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NOT ‘HIS’TORY- Part 6: British greed leads to war


The British promise “never” to interfere with the lands of the indigenous people was soon to be proven worthless. But a justification had to be found for open aggression, so lying excuses had to be invented.

Rumours began being spread that the rightful owners “had made sales of land to French settlers in Grenada”, according to Dr. Marshall. Given the colonial rivalry between the European powers, these rumours were used to urge the British government that it, “rather than private individuals should be the purchasers.” Nobody bothered to find out whether the Garifuna were interested in such sale.

In the year 1770, the colonial representatives were instructed to put forward proposals for land purchase. However, Dr Marshall informs us that, at a meeting held with Paramount Chief Chatoyer and forty of his men at Morne Garou, those proposals were “flatly rejected” by the Garifuna. The local historian went on to note the significance of Chatoyer’s refusal to part with Garifuna lands.

“The rejection of these proposals marked the turning point in Anglo-Carib relations”, he explained. From then on there was agitation among the greedy settlers urging the British government to take armed action against the indigenous people. Dr. Marshall wrote that they abandoned previous approaches of offering the Garifuna “compensation either in the form of money or other lands or both”. In his words, “now they no longer sang this tune. Indeed after 1771 military force was seen as the only means, compensation was ruled out and the total removal of the Black Caribs from the island was also advocated”.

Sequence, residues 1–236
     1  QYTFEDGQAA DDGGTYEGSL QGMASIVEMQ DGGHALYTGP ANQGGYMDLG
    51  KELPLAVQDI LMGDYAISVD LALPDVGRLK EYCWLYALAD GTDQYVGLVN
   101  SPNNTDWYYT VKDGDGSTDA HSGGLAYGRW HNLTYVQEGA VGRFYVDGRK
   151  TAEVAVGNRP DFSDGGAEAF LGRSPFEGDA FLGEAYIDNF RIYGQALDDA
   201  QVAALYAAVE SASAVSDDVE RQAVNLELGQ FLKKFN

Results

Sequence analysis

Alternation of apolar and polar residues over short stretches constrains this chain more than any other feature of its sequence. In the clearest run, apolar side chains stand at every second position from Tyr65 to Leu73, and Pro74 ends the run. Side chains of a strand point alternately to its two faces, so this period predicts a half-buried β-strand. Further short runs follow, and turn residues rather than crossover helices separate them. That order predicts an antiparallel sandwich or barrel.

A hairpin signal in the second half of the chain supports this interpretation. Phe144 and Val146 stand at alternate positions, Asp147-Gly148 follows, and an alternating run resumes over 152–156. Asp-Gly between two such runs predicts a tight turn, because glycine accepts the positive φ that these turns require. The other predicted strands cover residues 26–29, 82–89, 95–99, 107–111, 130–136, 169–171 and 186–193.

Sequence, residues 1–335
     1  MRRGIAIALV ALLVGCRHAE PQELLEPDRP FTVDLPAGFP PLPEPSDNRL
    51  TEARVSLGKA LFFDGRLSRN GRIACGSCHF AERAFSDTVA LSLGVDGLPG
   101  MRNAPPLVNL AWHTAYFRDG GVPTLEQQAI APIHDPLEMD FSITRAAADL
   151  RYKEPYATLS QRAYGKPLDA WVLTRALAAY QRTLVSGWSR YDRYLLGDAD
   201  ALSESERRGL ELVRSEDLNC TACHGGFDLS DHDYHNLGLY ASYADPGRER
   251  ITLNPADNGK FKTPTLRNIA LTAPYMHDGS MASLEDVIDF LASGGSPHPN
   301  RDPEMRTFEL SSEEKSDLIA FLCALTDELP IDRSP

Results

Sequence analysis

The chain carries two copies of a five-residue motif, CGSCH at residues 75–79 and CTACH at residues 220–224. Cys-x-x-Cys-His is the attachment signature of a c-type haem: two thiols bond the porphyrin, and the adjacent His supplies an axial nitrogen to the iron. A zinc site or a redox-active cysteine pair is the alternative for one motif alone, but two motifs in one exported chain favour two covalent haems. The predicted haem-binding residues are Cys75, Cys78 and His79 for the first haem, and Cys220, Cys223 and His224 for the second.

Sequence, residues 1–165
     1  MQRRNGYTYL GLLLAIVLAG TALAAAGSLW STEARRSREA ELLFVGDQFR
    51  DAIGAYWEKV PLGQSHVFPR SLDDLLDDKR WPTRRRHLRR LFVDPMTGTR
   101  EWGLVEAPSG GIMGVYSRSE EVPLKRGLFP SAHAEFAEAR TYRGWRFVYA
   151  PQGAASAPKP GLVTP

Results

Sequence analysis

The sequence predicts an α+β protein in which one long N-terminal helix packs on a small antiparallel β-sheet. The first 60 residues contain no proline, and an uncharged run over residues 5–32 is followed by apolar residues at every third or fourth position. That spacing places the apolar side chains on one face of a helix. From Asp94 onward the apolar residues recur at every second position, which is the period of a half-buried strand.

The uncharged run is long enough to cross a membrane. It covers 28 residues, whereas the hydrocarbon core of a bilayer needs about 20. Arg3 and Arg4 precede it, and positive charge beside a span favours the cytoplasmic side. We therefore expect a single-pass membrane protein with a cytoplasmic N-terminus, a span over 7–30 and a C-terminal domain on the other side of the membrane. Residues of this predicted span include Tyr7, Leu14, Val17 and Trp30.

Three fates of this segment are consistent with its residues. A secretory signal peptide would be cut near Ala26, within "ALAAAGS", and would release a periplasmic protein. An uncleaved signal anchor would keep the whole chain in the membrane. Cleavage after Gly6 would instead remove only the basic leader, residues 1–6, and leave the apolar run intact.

This is a most important historical fact for it debuks all the colonial hypocrisy about embarking on the so-called Carib wars to stop the “warlike” intentions of the Garifuna and their supposed attacks on the settlers. In fact in the St Vincent Handbook, published in 1938, the author, Robert M. Anderson stated categorically:

“This injustice on the part of the English colonists was the origin of all the Carib wars which subsequently spread such desolation over the island and cost the mother country such sacrifice of blood and treasure”.

What a pity he never seemed to consider what it cost the Garifuna and its effects on this country, including opening the doors wide to plantation slavery, a matter also dealt with by Dr. Marshall later in his book.

The preparation for war against the Garifuna was accompanied by hostile propaganda. The British Commissioners argued that negotiations with the Garifuna would be “fruitless” and that it would be impossible to settle the island “without a sufficient force to terrify them (the Garifuna) into obedience”. They even made the argument that Garifuna sovereignty was an affront to “the honour and dignity of the crown”, and could not be tolerated.

The settlers, greedy for fertile lands to satisfy their plantation lust, echoed the sentiments and egged the British government to act decisively. The scene was set for the first war of liberation and Chatoyer and the Garifuna had to defend our homeland.

(To be continued)